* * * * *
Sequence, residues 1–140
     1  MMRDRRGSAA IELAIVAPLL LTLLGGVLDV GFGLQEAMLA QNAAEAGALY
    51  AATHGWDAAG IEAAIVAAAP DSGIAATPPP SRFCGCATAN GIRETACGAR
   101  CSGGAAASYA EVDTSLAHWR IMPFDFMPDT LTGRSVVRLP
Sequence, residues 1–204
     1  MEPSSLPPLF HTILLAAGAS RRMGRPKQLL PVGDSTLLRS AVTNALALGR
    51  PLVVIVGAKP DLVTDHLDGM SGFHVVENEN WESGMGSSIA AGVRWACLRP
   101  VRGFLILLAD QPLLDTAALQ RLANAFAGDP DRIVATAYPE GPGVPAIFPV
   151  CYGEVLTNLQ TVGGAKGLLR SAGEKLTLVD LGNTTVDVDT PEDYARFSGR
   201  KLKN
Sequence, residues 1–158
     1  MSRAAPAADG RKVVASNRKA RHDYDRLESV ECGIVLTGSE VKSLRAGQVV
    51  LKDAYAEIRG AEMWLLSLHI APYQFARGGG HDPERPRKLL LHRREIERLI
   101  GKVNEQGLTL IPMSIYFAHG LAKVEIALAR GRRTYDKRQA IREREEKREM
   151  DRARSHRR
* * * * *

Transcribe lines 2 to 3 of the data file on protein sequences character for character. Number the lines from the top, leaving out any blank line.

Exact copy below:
     1  MMRDRRGSAA IELAIVAPLL LTLLGGVLDV GFGLQEAMLA QNAAEAGALY
    51  AATHGWDAAG IEAAIVAAAP DSGIAATPPP SRFCGCATAN GIRETACGAR